Nile Rodgers summons the spirit of David Bowie and gives two fingers to cancer at triumphant Royal Albert Hall show

"I am very thankful to be with you tonight".

Nile Rodgers knows exactly what it takes to beat cancer, having defeated the deadly disease for the second time at the end of last year.

It’s entirely fitting, then, that his victory lap should come in the form of a triumphant Teenage Cancer Trust gig that sees Chic transforming the Royal Albert Hall into a 70s dance floor for an solid hour-long masterclass of funk and disco.

From the minute that Chic open with the iconic strains of ‘Everybody Dance’, we’re instantly transported to the heyday of the disco pioneers – and it’s the first reminder of just how influential Rodgers has been in constantly shaping the sound of the last four decades.

The second reminder comes in the form of an exceedingly tight medley that sees Diana Ross’ ‘I’m Coming Out’ and ‘Upside Down’ being pitched against Sister Sledges’s ‘He’s The Greatest Dancer’ and ‘We Are Family’.

The significance of the occasion isn’t lost on the guitar icon either, with Rodgers taking a rare moment of seriousness to discuss his own cancer battle.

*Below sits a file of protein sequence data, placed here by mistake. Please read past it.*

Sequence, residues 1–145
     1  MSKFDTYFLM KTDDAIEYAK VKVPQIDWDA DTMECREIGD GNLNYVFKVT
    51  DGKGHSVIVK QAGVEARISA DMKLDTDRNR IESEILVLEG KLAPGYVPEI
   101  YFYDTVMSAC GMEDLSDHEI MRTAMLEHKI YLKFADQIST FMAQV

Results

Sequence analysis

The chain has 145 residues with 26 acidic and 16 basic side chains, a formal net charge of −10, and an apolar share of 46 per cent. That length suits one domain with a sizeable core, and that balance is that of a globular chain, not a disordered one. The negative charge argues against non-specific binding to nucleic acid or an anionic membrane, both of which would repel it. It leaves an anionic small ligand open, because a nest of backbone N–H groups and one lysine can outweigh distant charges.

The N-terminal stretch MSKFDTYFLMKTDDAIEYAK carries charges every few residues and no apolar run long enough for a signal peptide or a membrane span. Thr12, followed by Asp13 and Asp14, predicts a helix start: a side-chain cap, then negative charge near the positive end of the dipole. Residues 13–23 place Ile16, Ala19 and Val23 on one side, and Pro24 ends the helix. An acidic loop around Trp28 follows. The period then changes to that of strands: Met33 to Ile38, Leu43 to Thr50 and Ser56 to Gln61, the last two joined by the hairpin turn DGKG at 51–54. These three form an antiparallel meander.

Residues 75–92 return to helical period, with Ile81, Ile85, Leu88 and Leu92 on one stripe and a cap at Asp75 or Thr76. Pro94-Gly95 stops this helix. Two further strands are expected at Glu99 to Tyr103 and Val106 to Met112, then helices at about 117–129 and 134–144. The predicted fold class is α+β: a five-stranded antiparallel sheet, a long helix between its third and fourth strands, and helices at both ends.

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“I’m a two time cancer survivor, so I understand this cause”, Rodgers opens up to the crowd.

“Almost eight years, I was diagnosed with an aggressive form of cancer. Last year, we were on tour with Earth, Wind and Fire and I faced another bout.

“I am very thankful to be with you tonight”.

Appropriately, it’s a later rendition of David Bowie’s ‘Let’s Dance’ later proves to be the highlight of the night, with Rodgers’ legendary funk-guitar from the 1982 track being contrasted against the booming vocals of drummer Ralph Rolle.

And while it’s looking increasingly unlikely that Daft Punk will ever tour again, Rodgers later explains how he was called by “two french dudes”, before heading straight into a stellar rendition of Get Lucky.

All considered, it’s a total triumph – with Rodgers proving himself to be the ultimate survivor with a show that effortlessly doubles up as a musical time-warp.

His influence, you feel, will continue to be felt for a good few decades more.